Tour de CMC bike ride links Colorado Mountain College campuses together
As Colorado Mountain College celebrates its 50th anniversary year, communities and campuses have been hosting special events throughout the college’s mountainous service area with the intent of bringing together community members, early pioneers, students, past students and employees to remind them all that the college is here “Because of You.”
The most physically demanding event in the lineup, a bicycle tour called the Tour de CMC, took place without any fanfare. As many as 20 riders, plus some joiners along the way, rode from one Colorado Mountain College campus to the next.
All told, during the course of five days in June, the group covered 260 miles within the college’s district: climbing, spinning, drafting and occasionally descending on their way to six of the college’s 11 locations.
Mark McCabe, Colorado Mountain College assistant vice president of student affairs from 2005 to 2013, based at the college’s Central Services office in Glenwood Springs, was one of the Tour de CMC riders.
“When you’re on a bike, you connect,” McCabe said. “You connect with the college’s communities, and you connect with each other.”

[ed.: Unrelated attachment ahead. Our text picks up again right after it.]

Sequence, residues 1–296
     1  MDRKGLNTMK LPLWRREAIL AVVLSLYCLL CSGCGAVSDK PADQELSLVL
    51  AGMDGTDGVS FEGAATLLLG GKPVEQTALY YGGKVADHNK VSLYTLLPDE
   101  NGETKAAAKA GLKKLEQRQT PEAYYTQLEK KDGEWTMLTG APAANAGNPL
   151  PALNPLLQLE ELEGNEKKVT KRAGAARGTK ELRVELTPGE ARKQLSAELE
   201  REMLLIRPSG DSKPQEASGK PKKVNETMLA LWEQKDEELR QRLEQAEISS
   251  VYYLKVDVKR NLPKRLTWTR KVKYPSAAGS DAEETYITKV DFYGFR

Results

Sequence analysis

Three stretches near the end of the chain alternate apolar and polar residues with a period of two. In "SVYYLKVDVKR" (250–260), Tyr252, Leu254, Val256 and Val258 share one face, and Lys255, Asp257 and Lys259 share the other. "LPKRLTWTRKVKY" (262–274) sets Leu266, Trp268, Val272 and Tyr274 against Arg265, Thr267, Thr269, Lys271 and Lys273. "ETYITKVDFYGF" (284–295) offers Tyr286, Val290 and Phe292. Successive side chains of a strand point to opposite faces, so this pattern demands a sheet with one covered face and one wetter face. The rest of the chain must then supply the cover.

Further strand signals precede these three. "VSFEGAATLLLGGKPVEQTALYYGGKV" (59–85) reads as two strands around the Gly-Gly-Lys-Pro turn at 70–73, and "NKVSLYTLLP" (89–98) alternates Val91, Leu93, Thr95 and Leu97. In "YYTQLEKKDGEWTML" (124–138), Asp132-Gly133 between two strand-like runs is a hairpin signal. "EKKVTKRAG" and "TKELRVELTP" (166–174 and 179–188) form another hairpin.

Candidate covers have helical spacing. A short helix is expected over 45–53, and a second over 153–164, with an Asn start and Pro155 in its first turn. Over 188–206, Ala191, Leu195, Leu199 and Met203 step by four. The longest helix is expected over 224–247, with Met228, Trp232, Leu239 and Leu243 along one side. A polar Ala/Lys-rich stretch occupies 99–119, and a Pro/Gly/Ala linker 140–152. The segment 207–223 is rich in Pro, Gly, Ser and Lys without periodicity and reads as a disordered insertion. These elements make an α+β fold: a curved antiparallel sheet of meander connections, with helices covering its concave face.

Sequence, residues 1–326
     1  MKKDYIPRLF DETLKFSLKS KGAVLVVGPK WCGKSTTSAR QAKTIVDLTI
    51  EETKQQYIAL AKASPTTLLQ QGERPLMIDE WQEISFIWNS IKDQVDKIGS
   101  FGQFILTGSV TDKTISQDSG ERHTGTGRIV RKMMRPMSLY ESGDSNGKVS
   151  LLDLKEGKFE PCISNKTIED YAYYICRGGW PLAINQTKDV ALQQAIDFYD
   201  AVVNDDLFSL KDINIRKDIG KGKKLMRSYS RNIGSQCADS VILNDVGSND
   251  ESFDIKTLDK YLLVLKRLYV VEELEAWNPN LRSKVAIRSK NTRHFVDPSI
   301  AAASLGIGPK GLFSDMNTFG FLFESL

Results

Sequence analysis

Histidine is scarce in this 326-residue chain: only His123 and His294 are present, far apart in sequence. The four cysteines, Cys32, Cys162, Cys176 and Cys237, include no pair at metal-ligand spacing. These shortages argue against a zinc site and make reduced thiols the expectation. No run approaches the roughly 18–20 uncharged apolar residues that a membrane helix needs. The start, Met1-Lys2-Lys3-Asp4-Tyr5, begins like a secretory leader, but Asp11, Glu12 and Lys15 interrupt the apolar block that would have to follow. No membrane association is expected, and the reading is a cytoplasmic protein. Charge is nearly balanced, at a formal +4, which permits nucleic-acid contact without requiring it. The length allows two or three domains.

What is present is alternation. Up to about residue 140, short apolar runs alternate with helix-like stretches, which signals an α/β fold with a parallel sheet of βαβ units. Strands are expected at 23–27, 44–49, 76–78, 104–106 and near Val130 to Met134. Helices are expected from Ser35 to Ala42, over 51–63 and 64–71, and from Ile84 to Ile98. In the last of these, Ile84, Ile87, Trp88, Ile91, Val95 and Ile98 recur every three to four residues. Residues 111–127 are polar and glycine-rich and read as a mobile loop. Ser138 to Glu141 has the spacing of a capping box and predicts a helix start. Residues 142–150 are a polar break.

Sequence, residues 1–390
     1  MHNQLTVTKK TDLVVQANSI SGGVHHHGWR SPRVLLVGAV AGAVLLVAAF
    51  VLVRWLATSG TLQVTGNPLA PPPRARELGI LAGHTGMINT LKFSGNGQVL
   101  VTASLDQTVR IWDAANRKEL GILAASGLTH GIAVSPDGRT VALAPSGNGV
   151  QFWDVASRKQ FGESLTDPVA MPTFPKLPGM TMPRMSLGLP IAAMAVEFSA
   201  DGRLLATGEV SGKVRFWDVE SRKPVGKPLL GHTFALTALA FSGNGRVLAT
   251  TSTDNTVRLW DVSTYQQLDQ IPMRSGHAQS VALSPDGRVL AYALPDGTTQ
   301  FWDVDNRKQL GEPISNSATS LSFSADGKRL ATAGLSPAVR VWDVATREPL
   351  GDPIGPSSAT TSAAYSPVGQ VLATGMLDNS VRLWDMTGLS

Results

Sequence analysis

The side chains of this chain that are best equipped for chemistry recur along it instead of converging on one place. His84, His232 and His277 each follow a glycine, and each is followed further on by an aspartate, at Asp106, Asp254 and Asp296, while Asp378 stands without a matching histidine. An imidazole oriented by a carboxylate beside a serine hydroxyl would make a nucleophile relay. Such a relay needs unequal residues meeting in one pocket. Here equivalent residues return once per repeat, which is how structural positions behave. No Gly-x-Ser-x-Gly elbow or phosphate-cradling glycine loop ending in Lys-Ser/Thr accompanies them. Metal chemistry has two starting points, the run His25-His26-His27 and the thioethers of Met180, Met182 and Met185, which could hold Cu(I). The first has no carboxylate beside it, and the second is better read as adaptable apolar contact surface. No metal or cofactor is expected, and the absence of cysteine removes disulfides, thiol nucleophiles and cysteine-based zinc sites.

For cyclists who crave hill climbing and steep descents, Colorado Mountain College’s bike route was ideal. The tour began at CMC Steamboat Springs on June 19 and headed south 80 miles to CMC Edwards through nearly 5,000 feet of climbing and 4,500 feet of descents.
The second day, riders climbed to Vail Pass’ 10,623 summit, spending the night at the CMC campus in Breckenridge. Fremont Pass was the next pass to summit on the third day on the way to CMC Leadville, followed by Independence Pass at more than 12,000 feet on Day 4, descending into CMC Aspen. The fifth and final day ended at CMC Spring Valley outside of Glenwood Springs.
“You needed to be physically fit,” said J.C. Norling, acting campus dean at CMC Steamboat Springs.
The tour brought together college administrators, faculty and a few spouses from throughout Colorado Mountain College’s 12,000-square-mile service area and from nearly every campus. College employees from Steamboat Springs were well represented, as were those from Summit County, Leadville, Aspen and the lower Roaring Fork Valley.
“I’d never done a tour like this before,” McCabe said. “It wasn’t a competition. We were all in it together. It’s like the college. We’re all connected.”
This was a quieter, lower-key event than many of the more public 50th anniversary celebrations, such as art openings and barbecues. In the spirit of the adventurous college, it was a way to push limits, connect the campuses, create bonds and ride through some of the most demanding and spectacular scenery in the country — and all in Colorado Mountain College’s backyard.
“Some of the people on the ride I’d never met,” Norling said. During the ride, professors transformed into cyclists and office colleagues turned into friends. “Maybe I’d seen their names on emails, but by sharing this ride together, we connected.”
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More base areas open means more space for guests to disperse upon, even if those base area openings don’t translate into more actual terrain openings.